San Antonio recently lost a highly visible artist. Rick Hunter was probably San Antonio's most known photographer when he died last week of pneumonia.
Facebook may seem an odd place to take the measure of a man, but if you go to Rick Hunter’s Facebook page, the tributes number into the hundreds.
"Rick Hunter was a colleague of mine at the San Antonio Express News," said Hector Saldaña. "I think of a very encouraging person, I think of a guy that loved people, it was evident in his photographs."
It was with the heaviest heart that I read the news, spreading like a wild fire, of the death of the extraordinary photographer Rick Hunter. He was one of my favorite people on Facebook and a constant inspiration as I tried, and tried again, to train my camera to see as he saw. My eye will never be as keen as his, yet I will continue to strive to capture the world around me as he always did, so skillfully.
A new exhibit at the McNay by Illinois artist Rosayln Schwartz takes conventions from master paintings and re-interprets them, challenging the "arbiter of taste," those who decide what is and isn't "high quality."
"What I do in a sense is to try to pervert that experience by changing colors to these lurid, almost neon-like colors that I use to create these old master reenactments." Schwartz said. "And what I find so interesting is that people are drawn to the work, they’re seduced by the work because of this mastery."
A theater performance on Friday at the Magik Theatre is a little closer to real life drama than those on any other stage in town. That's because some of the young people on stage have been arrested for, as James Apollo Bradley says, things like "truancy, and possession, vandalism and things of that nature that could lead to more serious crimes down the road."
Bradley has developed a method to get those teens to take the exit before they head on down that road. His idea:
If you dig deep into World War II’s history, you find obscure facts that somehow history has just forgotten to pass on. Well, here’s one for you: Mexican pilots fought alongside American ones in the Pacific theater.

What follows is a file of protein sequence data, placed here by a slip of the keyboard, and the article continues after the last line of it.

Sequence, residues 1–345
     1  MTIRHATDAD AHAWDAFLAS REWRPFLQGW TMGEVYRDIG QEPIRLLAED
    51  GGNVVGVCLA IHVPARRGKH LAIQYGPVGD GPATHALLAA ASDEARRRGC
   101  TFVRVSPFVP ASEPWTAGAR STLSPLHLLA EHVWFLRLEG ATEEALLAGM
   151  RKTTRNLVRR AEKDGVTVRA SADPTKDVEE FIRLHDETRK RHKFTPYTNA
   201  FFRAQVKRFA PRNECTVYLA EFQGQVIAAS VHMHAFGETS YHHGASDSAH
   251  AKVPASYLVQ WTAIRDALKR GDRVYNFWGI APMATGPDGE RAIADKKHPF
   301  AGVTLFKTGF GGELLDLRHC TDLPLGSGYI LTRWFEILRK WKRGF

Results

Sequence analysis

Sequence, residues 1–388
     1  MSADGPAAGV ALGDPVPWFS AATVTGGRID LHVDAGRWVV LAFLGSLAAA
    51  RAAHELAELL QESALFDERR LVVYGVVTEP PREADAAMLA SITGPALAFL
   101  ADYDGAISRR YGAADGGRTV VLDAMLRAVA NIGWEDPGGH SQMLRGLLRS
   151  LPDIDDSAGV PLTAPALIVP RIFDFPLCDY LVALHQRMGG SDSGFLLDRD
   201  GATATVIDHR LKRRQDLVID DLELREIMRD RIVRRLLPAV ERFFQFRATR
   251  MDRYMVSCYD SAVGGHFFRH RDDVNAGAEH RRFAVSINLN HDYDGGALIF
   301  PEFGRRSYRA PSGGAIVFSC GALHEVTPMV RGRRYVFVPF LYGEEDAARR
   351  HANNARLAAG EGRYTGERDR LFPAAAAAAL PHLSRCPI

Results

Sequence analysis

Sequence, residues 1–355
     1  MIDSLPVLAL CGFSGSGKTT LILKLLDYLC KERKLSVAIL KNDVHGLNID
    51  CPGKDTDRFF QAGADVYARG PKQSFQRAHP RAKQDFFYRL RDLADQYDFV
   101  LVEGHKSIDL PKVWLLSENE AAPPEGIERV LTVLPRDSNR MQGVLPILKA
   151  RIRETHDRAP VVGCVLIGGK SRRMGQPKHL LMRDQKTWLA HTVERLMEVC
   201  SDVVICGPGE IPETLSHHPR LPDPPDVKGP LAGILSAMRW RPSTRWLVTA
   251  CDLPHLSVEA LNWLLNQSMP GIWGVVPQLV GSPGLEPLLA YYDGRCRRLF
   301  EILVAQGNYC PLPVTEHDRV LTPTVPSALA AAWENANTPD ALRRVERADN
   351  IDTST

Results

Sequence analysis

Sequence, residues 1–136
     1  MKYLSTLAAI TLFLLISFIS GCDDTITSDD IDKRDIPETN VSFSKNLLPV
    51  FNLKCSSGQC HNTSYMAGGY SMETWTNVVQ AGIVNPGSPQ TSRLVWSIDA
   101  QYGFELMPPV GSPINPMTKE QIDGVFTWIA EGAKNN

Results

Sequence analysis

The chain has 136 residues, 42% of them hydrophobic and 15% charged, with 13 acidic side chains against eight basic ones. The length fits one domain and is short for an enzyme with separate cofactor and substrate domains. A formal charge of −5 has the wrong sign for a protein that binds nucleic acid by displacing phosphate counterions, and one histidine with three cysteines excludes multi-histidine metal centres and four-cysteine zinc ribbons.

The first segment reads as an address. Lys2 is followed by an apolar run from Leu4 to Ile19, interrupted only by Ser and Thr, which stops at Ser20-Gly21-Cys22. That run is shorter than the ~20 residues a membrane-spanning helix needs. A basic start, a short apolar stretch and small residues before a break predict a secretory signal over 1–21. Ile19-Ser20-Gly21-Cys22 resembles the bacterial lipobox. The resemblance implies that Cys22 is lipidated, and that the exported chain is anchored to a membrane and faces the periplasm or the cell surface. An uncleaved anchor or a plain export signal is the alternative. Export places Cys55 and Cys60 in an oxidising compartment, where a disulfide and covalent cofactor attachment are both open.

As Bryan Howard, director of research, exhibits and collections at the Institute of Texan Cultures explains, they called them the "Aztec Eagles."
An exhibit at the Carver Cultural Center features works by Roberto Jose Gonzalez, who cites a less-than-common muse for his new exhibit: A rain god.
"The exhibit is entitled Atl" Gonzalez said. "Atl is one of the rain gods, one of the rain deities in Mexico. This exhibition is devoted to creating works that are my vision, my interpretation of that particular rain God."
San Antonian Gonzalez is originally from Laredo, but traces his family tree much farther back.
Putumayoalbums are impossible to miss. Since it first appeared on store shelves, the series has featured the distinctive, colorful artwork of Nicola Heindl. Each musical track is exotic and always melodic.
The Texas Children’s Choir is heading to Hondo, but that’s only a small step compared to where they’re going next summer -- Normandy Beach in France, where Americans invaded on D-Day.
Volunteer Laura Force, whose 9-year-old daughter is in the choir, said that common purpose is the key to the choir’s success. She talked about Choir Director Dr. Thomas Hardaway’s efforts with the children:
"Dr. Hardaway instills in the children that their choir is as much about instilling their own voices independently and together as a choir, as it is also service to others," Force said.